Isaiah 58:10 | home | I’m moving again

May 20, 2005

Ten Cents to a Donut

Despite our recent boom , only three of us went out to serve last night. While this isn’t the first time it was unusual. Even more unusual were the few conversations we had (3 people handing out 48 burritos don’t have a lot of time for talking) marc tried to converse with a very beligerant old man who kept saying “ten cents to a donut” like it was common expression. He used it more like ‘what is ten cents to something like a donut’ but it came out more like an expletive (he yelled it more often than not) The ‘locals’ asked us to just let him move along and not encourage him when he’s drunk.

Later, while Marc was talking with one young man Jim and I spoke with Pastor Joe Williams (and crew) who also brings food an ministers to the homeless. They specialize in fried chicken donated by local resturaunts. They are an interesting group. They’re more…exhuberant then most of us, but as long as they are faithful to the scriptures and love God…go for it. As Joe and his friend Bill were talking to me and Jim this little asian woman (Veitmanese, I think) just scooted into the center of us, looked Jim dead in the eye like a lost puppy and started explaining how her preies is somewhere in England, or Britian, or Germany, or…and then rambled on about somethings related to the RCC. It didn’t make any sense to me but eventually Jim asked her if she knew that Jesus Christ was God at which point she shuffled off again, much to Joe’s surprise because he turned around to ask one of the women from his group pray for her only to turn back and find her gone.

Our last stop was at the liquor store near the Smart and Final. Marc had a long discussion with a very animated character who didn’t believe that Jesus felt any pain on the cross. Jim and I talked with Indian Mike who seemed not at the top of his game. We listened as he told us about his life and the things that were going on but eventually he started talking about Mother Earth and Father God. He was wondering why people looked at him funny when he talked about this so I tried to explain. Now, I realize he’s indian (Blackfoot and Mexican) but I can’t let his upbringing be an excuse not to know the gospel correctly. I tried to explain that Mother Earth and Father God are two different concepts that can not co-exist. Eventually, we got to the question “is God perfect” to my surprise, he said “no”. Well, that just got us onto sin and how we brought sin into the world not God. He countered it wasn’t us but Adam who did this. I then asked “can a dog give birth to a cat?” (I’ll give you a hint – no) If Adam was full of sin then his offspring are born full of sin. And suddenly… the light came on. We talked a little more and eventually had to get going because it was already 10pm so we said good night and headed home. Our conversation just made his day. But I won’t let it go to my head. He had told us earlier how giveing his friend’s daughter a stuffed monkey toy made his day because of how she smiled and thanked him. I’m pretty sure we came in second but hopefully it will have an effect on him and his walk with Christ.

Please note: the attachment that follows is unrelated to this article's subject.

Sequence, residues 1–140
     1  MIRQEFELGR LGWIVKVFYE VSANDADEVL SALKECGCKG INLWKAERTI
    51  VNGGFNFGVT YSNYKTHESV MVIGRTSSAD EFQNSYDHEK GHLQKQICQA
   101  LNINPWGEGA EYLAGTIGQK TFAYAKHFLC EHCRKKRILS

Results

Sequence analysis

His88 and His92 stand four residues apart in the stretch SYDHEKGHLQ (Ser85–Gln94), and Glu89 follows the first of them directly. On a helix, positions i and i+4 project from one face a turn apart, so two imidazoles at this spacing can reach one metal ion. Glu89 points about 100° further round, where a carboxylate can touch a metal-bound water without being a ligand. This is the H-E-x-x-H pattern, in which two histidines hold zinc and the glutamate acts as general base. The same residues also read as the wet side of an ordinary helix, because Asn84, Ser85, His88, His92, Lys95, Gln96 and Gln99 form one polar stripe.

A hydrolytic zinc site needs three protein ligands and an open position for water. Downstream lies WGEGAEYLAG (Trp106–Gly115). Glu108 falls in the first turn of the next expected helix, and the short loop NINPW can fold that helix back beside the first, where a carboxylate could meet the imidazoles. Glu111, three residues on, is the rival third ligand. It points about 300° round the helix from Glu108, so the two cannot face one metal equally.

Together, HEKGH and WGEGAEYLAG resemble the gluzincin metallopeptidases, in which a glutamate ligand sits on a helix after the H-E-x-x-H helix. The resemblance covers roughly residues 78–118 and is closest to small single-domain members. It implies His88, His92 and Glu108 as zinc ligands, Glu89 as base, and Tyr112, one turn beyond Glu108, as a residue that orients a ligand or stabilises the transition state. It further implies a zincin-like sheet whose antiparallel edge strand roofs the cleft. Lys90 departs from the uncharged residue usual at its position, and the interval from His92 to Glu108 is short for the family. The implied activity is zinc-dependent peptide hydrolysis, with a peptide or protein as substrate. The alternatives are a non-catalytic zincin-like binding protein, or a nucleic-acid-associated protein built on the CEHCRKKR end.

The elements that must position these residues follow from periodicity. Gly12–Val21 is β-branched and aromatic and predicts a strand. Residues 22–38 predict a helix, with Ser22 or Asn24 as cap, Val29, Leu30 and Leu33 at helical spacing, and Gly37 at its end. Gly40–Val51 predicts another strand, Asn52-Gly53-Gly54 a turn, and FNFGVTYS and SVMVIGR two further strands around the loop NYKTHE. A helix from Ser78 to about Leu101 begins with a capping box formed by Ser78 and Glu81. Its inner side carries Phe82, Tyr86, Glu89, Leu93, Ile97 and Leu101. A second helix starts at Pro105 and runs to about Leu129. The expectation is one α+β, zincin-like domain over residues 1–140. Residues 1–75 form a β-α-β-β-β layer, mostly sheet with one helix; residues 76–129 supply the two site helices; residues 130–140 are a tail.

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5 comments

  • At 3:06 pm on June 7, 2005, renee commented:

    I would say that this statement: